WHAT IS IT
An article published in THE BUSINESS OF FASHION, which makes a case against designer collaborations with high street fast-fashion brands.
WHO WROTE IT
Eugene Rabkin, who is also the editor of STYLEZEITGEIST. STYLEZEITGEIST is an online magazine for those passionate about authentic fashion design, and aims to cultivate an online discussion space where fashion can be separated from commercialism and celebrity culture. This background illuminates Rabkin’s ‘anti-fastfashion’ positionality. .
HOW IS IT USEFUL
- Aligns with my perspective that fast fashion as a ‘democratic enterprise’ is nothing more than a facade masking commercial motives.
- Argues that the words FASHION and DEMOCRATISATION no longer have meaning.
‘What is called the democratisation of fashion, is really the bastardisation of fashion, that is taking a designer’s ideas and watering them down for mass consumption’.
- Highlights how ‘fashion’ which used to be solely defined as the careful design and craftsmanship of designers has been co-opted by highstreet fast fashion. Consequently ‘fashion’ is no longer about the clothing itself, but the clothing’s representation as ‘on trend’. This has transformed shopping into a leisure activity and produced irresponsible consumer behaviour.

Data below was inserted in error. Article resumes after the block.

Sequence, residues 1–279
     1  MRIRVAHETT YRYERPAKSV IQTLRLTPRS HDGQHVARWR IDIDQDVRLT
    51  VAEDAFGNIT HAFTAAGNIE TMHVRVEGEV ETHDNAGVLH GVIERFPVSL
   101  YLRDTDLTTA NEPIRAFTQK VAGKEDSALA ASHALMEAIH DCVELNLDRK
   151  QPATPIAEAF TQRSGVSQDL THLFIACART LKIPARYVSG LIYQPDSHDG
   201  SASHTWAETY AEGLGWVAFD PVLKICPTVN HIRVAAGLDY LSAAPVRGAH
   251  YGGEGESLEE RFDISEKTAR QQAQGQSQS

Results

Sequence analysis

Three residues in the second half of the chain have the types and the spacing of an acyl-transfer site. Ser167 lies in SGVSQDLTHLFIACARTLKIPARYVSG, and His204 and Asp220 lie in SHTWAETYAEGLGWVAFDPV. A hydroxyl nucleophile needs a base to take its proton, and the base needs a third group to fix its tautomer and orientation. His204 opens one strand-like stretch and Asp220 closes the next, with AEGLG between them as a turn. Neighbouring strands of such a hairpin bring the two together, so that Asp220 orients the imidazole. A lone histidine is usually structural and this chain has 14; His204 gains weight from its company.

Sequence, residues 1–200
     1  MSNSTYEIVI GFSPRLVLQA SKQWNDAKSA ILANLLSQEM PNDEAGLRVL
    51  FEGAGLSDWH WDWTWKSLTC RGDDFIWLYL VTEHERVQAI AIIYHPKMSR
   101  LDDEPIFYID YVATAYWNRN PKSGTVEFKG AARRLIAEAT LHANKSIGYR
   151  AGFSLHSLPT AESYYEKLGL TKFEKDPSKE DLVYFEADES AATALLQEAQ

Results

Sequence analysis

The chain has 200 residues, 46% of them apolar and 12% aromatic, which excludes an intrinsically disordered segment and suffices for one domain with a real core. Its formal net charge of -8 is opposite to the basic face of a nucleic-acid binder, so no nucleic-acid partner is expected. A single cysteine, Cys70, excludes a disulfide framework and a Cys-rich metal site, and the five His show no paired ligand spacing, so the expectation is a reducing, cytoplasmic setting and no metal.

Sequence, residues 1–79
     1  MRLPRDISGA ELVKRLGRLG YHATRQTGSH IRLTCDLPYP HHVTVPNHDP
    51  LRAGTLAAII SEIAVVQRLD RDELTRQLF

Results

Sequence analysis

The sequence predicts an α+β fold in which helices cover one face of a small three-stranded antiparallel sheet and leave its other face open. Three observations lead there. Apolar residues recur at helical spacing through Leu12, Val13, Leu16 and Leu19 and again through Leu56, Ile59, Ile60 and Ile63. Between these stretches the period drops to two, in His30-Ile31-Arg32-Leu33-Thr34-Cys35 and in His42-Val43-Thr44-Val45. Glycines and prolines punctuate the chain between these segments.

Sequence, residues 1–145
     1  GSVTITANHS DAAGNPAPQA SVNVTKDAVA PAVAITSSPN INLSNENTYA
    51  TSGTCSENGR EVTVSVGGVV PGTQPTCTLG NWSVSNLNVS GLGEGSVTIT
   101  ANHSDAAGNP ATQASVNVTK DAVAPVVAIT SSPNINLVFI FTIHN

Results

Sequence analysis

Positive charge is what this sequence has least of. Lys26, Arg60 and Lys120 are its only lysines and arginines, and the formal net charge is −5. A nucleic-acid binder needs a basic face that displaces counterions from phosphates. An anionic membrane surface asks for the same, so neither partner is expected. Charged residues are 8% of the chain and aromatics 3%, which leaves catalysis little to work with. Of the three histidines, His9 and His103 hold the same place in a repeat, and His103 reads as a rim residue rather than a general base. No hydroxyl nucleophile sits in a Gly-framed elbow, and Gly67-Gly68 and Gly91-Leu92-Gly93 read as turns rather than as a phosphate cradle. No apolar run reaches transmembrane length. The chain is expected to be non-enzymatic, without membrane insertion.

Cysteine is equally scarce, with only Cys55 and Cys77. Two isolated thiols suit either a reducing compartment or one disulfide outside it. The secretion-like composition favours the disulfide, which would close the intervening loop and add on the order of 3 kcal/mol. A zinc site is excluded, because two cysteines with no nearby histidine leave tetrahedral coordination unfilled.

‘According to Textile Recycling for Aid and International Development (TRAID), consumers in the UK purchase a whopping 2.15 million tonnes of new clothing a year. They also throw away over 900,000 garments each year, sometimes with the sales tags still on them’.
‘Buying into a style, quickly and cheaply, inevitably leads to the disposability of style. It’s like reading the Cliff’s Notes instead of the book’.
- Using a case study of designer/highstreet collaborations, this article makes the point I am also interested in making that fast fashion is far from democratic.